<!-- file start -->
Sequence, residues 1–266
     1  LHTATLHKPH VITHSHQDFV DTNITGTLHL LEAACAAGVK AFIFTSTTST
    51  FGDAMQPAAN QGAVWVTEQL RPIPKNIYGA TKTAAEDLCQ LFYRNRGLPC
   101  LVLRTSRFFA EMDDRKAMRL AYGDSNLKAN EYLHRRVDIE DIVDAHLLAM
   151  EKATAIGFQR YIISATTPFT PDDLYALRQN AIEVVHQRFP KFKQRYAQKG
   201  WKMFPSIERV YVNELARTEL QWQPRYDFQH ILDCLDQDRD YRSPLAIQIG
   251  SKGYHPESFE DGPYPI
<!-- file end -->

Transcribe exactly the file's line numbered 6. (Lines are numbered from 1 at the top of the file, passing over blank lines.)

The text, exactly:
   201  WKMFPSIERV YVNELARTEL QWQPRYDFQH ILDCLDQDRD YRSPLAIQIG